Kerry-anne Mendoza, editor-in-chief of The Canary, is calling for greater plurality within the news, believing today's media has become an echo chamber to mainstream ideas and practices, which are not speaking to, or for, the range of groups in society.
"For us, this is ultimately about democracy," said Mendoza.
"Informed consent in the public is the bedrock of democracy, and if that informed consent isn't there because people aren't aware of the kind of information that they need to be, they won't be equipped to make the decent democratic decisions that they need to, say, for example, on climate change, the justice system, or whether austerity is a positive economic policy."
The five founding members of The Canary are hoping the site's content will challenge the status quo by publishing media from a range of contributors, from journalists to academics to university students.
"This is what we need to do to diversify our media," she said.
In order to encourage this range of writers to contribute to the site, the founders have developed a business model that pays half of the full earnings to its contributors, including income from advertisements and sponsorship deals.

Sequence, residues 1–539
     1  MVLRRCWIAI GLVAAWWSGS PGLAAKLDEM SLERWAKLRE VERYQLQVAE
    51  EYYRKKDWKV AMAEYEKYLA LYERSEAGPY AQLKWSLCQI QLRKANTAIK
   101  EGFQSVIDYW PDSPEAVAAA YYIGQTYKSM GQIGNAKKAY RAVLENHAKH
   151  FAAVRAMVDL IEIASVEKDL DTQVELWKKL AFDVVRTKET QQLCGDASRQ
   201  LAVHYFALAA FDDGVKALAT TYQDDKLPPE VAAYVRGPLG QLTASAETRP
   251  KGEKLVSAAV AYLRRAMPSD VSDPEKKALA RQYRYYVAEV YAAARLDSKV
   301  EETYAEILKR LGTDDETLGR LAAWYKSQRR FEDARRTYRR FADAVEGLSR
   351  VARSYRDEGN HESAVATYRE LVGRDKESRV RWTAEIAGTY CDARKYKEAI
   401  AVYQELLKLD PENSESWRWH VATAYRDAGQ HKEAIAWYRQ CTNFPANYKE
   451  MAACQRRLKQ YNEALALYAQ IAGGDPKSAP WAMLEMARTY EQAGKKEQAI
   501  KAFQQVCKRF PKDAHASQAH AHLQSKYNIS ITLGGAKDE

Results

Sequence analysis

The other 50 per cent is split between a small remuneration for three section editors, and the marketing budget.
The site, launched this autumn, currently has around twenty daily contributors.
"Writers give up the certainty of payment, so if their article is doing nothing, they earn nothing. But if they are willing to take the risk, the rewards mean they are being paid in line with the profit they generate for the business."
The company also hopes this way of paying staff and freelance writers will create new career paths for journalists, and tackle the increase of freelancers who are struggling to find work and earn a living in the competitive industry.
The Canary aims to inspire writers with the "potential of earning a full-time income on part-time hours," said Mendoza.
Finding alternative ways to pay writers has been the foundation of other news platforms launched recently, such as The News Hub, who only pays its top contributors in each category, or Blasting News, where fees are decided based on the engagement figures for each story.
At The Canary, permanent staff give freelancers an eight week trial with online training, in which they provide three articles a week to get 'publish-ready'.
All the activity takes place within a virtual newsroom, where website staff are able to take on the roles in the standard newsroom structure, with copy editors and section editors for example.
They are hoping to expand in the future through podcasting, a YouTube channel, and a translation feature so people all over the world can write copy in their language to be translated by the site for readers all over the world.
"We are trying to generate an alternative media that is vibrant and robust, which upholds serious journalism ethics and practices," says Mendoza.
"We want more people doing this – we don't want to hog the market, we want people to realise this is the way we can diversify the media."
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